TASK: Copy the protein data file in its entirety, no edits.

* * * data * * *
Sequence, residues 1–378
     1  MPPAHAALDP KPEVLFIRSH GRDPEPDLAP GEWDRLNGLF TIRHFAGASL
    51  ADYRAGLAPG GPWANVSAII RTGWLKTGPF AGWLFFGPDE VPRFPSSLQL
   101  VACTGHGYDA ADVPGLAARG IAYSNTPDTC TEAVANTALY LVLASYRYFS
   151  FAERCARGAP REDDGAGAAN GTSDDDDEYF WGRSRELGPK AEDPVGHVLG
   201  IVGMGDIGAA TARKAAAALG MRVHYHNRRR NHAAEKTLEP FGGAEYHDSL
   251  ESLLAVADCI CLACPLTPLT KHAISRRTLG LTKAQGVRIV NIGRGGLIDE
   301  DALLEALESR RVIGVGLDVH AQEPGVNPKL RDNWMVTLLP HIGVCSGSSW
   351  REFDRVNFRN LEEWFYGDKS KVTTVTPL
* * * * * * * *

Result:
Sequence, residues 1–378
     1  MPPAHAALDP KPEVLFIRSH GRDPEPDLAP GEWDRLNGLF TIRHFAGASL
    51  ADYRAGLAPG GPWANVSAII RTGWLKTGPF AGWLFFGPDE VPRFPSSLQL
   101  VACTGHGYDA ADVPGLAARG IAYSNTPDTC TEAVANTALY LVLASYRYFS
   151  FAERCARGAP REDDGAGAAN GTSDDDDEYF WGRSRELGPK AEDPVGHVLG
   201  IVGMGDIGAA TARKAAAALG MRVHYHNRRR NHAAEKTLEP FGGAEYHDSL
   251  ESLLAVADCI CLACPLTPLT KHAISRRTLG LTKAQGVRIV NIGRGGLIDE
   301  DALLEALESR RVIGVGLDVH AQEPGVNPKL RDNWMVTLLP HIGVCSGSSW
   351  REFDRVNFRN LEEWFYGDKS KVTTVTPL